By CARL SMITH
With the right investments and commitments, Mississippi Manufacturers Association President and CEO Jay C. Moon says Mississippi can position itself to revitalize its manufacturing industry as costs continue to rise overseas.
Moon will join other industry leaders and economic development specialists 10 a.m. Monday at Mississippi State Universityâ€™s Franklin Center for Furniture Manufacturing and Management to discuss what he calls an â€śupcoming U.S. manufacturing renaissanceâ€ť and the strategies surrounding the Reshoring Initiative.
Mondayâ€™s conference features keynote presentations from Moon, Mississippi Development Authority Executive Director Brent Christensen, a number of MSU Extension officials and Harry Moser, president and founder of the Reshoring Initiative. Moserâ€™s platform is dedicated to bringing back manufacturing jobs to the U.S. by assisting companies assess the total costs of offshoring jobs and shifting the offshoring-is-cheaper paradigm to one which touts local ownership of manufacturing. A full explanation of the initiative is available at http://www.reshorenow.org.
By 2015, Moon says rising costs in overseas production â€” higher wages and transportation fees â€” could lead to a rush of new manufacturing jobs in the U.S., thereby rebalancing the worldâ€™s economic playing field and boosting domestic job numbers.
â€śA lot of manufacturers now are rethinking the costs involved in overseas production versus the same production in America, particularly with China. There are changes going on in production dynamics that project by 2015, the cost differential for manufacturing in China, considering transportation fees and other factors, will be fairly negligible,â€ť Moon said. â€śManufacturers can look to the U.S. to build items and products that need to be closer to the consumer â€” items consumers do not want to wait six weeks to have transported back to America.â€ť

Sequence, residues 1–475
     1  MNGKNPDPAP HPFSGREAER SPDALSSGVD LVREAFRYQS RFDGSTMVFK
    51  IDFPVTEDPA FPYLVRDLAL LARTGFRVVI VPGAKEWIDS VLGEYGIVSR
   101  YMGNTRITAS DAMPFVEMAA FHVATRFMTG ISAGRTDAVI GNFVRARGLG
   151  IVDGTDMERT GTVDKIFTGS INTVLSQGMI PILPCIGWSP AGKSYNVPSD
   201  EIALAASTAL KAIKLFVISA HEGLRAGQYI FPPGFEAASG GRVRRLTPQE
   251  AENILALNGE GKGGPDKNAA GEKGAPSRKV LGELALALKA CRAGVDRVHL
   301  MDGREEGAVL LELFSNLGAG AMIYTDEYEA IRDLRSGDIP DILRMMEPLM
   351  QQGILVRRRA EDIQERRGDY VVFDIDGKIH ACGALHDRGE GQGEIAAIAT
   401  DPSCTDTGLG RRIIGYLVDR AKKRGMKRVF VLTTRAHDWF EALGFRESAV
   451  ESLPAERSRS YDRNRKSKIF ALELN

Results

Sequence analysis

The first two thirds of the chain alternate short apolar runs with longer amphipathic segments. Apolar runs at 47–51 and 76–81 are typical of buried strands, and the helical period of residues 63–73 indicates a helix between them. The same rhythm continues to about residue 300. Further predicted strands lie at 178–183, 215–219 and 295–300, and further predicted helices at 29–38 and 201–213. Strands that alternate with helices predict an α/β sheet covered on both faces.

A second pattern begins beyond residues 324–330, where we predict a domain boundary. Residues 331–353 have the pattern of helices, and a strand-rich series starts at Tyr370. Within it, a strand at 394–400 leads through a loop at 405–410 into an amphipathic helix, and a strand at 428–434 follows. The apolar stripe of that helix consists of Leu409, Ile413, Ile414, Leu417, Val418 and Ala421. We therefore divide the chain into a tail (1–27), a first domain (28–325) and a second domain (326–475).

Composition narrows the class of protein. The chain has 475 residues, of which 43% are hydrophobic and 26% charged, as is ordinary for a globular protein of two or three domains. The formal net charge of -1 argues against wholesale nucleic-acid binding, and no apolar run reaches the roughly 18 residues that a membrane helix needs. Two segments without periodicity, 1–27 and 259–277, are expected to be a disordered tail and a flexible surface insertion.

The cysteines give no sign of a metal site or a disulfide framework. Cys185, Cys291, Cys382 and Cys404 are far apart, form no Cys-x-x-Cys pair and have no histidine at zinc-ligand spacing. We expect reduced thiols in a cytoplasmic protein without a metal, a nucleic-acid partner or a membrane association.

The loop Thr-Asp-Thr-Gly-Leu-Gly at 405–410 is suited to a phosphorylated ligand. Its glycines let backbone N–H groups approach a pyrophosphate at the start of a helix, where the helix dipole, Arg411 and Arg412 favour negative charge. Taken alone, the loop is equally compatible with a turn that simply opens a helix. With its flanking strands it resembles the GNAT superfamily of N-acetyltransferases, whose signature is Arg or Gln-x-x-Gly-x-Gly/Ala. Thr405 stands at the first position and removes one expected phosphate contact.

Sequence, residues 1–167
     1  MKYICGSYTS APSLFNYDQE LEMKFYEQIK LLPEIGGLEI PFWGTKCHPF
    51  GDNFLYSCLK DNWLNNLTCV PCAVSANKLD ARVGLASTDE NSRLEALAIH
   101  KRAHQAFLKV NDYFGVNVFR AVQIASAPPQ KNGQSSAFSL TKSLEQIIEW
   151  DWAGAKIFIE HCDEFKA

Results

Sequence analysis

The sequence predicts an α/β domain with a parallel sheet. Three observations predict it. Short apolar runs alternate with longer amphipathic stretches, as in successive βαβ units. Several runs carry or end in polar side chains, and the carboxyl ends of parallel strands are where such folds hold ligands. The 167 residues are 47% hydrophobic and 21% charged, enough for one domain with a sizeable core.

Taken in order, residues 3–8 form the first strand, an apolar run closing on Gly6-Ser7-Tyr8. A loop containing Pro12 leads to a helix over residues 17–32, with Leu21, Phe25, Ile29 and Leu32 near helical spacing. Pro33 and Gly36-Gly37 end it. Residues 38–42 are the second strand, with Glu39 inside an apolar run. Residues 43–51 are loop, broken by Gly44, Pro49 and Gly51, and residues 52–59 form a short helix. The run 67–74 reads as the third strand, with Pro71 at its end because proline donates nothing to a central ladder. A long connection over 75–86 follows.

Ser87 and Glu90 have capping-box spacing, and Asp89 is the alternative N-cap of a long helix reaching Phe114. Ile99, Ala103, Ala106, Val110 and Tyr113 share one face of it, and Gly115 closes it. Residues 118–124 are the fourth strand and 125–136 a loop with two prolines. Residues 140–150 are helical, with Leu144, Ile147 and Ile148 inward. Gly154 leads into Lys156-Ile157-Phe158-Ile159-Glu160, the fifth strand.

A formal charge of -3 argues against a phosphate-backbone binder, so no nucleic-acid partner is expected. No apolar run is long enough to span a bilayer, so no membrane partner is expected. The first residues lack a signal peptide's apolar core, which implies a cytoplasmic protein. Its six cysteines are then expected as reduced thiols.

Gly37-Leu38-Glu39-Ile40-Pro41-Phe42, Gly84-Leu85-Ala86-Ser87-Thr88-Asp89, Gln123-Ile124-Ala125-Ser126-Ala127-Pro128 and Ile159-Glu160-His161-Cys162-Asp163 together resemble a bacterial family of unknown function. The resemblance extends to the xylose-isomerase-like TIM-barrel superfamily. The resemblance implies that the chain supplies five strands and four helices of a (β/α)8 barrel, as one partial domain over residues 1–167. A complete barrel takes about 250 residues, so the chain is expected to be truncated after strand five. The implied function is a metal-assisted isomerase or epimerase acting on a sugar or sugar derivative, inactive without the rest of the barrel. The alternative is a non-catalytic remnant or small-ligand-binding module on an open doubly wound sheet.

With a boon in manufacturing jobs, Mississippi could add to the number of products stamped â€śMade in Americaâ€ť with proper investments in its educational systems. Manufacturing jobs require more high-tech skill sets than in previous decades, he said.
â€śI think Mississippi ranks fairly well compared to other states around the country. Weâ€™ve got a great labor force, but frankly we need to be able to train more and enhance our skill sets. We only have three million people in the state. With our dropout rate so high, we canâ€™t afford to have anyone sitting on the sidelines,â€ť he said. â€śI think we have an excellent opportunity to increase the quality of manufacturing in this state, the South and the U.S. as a whole. We have to have a strong effort over the next eight to nine years to train (the stateâ€™s workforce). Weâ€™re right where we need to be, but we cannot let our foot off the gas pedal.â€ť
Continued infrastructure investments are also needed to make sure Mississippi-made products are shipped throughout the nation and the world, Moon said.
â€śOur roads, railways, ports and airports are all good, but we have to continue maintaining them,â€ť he said. â€śGulfportâ€™s access to the Gulf of Mexico and its continued ability to service the world are absolutely essential for this state to take advantage of the situation.â€ť
Even though Mississippi is handicapped with an ever-strained state budget, Moon says clear vision will help guide appropriate investments.
â€śEvery state has money issues, but it all boils down to a question of priorities and a willingness to invest. You have to look down the line to determine how to invest for the future,â€ť he said. â€śWe canâ€™t make improvements to education overnight â€” we have to invest for the future.
â€śWe still have a number of issues we have to tackle as a country to take advantage of this situation, but our ability to take advantage of this reshoring particularly rests with ourselves and our willingness to make the appropriate changes to make our country conducive to manufacturing and competitive in the global market,â€ť Moon added.